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Majority of modern IoT devices 'will be obsolete by 2020'

(Image credit: Image Credit: Jefferrb / Pixabay)

The majority of IoT devices being released and bought this year will be obsolete in just a matter of years, new predictions has claimed.

Although a number of analyst reports have predicted that the number of connected devices in use around the world is set to soar, many devices being purchased in time for Christmas 2017 may be discarded before 2020.

The shortcomings of many devices concern the need for a consistent Internet connection, which all-too-often can let down the expectations of consumers and businesses alike, Couchbase has warned.

“We’ve heard of the Internet of Things for so long that it’s almost lost all meaning. Yet the generation of products that have been created with constant connectivity in mind will soon be obsolete – consumers and workers want devices that do what they need, not ones that aren’t fit for purpose the moment any signal disappears,” said Perry Krug, principal architect at Couchbase.

“We need to stop thinking in terms of ‘connected’ devices. This isn’t only a matter of ensuring that services are always available. It’s also a matter of guaranteeing users the performance they increasingly expect. After all, whether browsing flights or accessing maintenance diagnostics, a service will operate better if it’s running in the user’s hand than if it has to constantly access a server tens, hundreds or thousands of miles away. Connectivity can still help services meet their full potential, but it shouldn’t be assumed to be the universal constant.”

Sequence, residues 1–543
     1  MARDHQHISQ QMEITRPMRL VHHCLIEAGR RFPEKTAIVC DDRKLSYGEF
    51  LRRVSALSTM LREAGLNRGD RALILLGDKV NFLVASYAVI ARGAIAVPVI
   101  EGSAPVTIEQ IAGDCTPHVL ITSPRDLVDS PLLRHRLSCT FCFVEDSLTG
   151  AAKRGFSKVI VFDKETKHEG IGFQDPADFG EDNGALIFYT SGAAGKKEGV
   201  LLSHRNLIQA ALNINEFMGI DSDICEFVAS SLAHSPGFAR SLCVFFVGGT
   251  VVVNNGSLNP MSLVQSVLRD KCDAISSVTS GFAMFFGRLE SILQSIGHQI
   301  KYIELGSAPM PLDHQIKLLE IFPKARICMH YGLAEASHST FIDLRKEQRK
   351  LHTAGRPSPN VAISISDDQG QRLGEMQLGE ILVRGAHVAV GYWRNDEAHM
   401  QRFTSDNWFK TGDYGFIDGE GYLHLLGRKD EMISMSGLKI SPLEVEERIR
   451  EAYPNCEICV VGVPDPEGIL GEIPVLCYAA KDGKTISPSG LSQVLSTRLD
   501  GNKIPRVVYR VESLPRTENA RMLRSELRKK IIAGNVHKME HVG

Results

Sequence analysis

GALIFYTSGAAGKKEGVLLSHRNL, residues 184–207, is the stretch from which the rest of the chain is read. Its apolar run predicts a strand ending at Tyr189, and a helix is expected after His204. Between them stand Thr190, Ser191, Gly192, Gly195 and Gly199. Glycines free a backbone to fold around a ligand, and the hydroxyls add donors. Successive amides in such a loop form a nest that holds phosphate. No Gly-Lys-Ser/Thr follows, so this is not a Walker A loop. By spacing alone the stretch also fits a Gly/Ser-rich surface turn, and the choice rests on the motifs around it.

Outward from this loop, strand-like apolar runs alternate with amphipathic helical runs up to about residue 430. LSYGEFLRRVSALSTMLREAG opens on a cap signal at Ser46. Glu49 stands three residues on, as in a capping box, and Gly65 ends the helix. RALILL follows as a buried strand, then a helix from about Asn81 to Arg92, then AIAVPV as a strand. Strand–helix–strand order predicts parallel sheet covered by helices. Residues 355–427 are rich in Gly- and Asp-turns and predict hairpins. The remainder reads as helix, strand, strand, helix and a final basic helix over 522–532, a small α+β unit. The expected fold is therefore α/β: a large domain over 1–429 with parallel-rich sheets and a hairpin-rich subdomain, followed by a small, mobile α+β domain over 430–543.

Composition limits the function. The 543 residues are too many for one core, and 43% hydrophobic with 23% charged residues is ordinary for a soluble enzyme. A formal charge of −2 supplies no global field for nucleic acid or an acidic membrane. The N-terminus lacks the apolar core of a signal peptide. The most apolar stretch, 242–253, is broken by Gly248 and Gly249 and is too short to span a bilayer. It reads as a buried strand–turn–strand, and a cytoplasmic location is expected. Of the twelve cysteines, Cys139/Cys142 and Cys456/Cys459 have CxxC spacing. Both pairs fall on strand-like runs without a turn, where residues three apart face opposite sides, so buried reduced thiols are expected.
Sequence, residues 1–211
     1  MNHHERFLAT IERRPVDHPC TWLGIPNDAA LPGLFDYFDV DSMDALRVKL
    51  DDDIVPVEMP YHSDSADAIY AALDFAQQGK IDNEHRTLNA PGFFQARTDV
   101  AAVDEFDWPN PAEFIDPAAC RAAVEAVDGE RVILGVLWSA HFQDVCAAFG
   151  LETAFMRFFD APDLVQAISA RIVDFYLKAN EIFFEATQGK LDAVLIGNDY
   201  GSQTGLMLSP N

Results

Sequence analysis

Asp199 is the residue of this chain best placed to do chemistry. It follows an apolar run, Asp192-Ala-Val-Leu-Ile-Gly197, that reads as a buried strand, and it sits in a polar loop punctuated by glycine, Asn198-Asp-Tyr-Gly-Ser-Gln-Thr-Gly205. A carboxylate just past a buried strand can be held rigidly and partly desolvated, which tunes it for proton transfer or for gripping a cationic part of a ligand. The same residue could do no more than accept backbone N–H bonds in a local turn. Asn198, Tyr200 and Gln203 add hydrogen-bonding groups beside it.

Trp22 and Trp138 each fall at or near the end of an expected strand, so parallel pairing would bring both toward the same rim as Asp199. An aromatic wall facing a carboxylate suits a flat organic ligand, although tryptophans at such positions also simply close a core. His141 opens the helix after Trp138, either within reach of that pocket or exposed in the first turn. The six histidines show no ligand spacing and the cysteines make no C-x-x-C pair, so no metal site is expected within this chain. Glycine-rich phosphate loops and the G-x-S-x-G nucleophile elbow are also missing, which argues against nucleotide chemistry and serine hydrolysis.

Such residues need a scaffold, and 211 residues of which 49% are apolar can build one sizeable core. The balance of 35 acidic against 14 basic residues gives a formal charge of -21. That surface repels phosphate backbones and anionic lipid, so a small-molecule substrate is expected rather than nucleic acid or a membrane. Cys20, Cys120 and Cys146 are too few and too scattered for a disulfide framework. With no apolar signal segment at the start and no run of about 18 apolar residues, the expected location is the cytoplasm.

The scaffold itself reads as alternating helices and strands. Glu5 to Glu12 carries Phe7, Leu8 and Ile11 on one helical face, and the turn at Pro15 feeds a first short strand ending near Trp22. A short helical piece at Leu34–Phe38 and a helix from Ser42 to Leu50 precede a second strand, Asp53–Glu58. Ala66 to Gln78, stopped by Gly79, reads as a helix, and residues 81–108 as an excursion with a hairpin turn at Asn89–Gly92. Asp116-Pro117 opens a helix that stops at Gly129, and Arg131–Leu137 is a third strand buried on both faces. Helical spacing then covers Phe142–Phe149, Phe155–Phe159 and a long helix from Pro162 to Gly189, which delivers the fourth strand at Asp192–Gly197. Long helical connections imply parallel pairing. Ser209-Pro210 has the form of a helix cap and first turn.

The firm says that there is no single "magic bullet" to help any IoT device instantly live up to expectations, but that edge computing can play a big role in ensuring that products or services can perform essential tasks whether or not they have an internet connection.

For example, driverless vehicles should be able to navigate, even without live traffic or other updates or an industrial device should still record performance and offer diagnostics in real-time. And as devices become more powerful, edge computing can also ensure that connected applications react and respond to demand as quickly as possible, giving the best customer experience.

"There is more, and more powerful, technology in the hands of consumers and at the edge than ever before; the only way to meet user’s expectation is to make use of it,” Krug added.  

Michael Moore
Michael Moore is News and Features Editor working across both ITProPortal and TechRadar Pro. He has worked as a technology journalist for more than five years, including spells at one of the UK's leading national newspapers. He is interested in hearing about all the latest news and developments across the Business IT world, and how companies are using new technology to help push forward their work and make their customer's lives easier.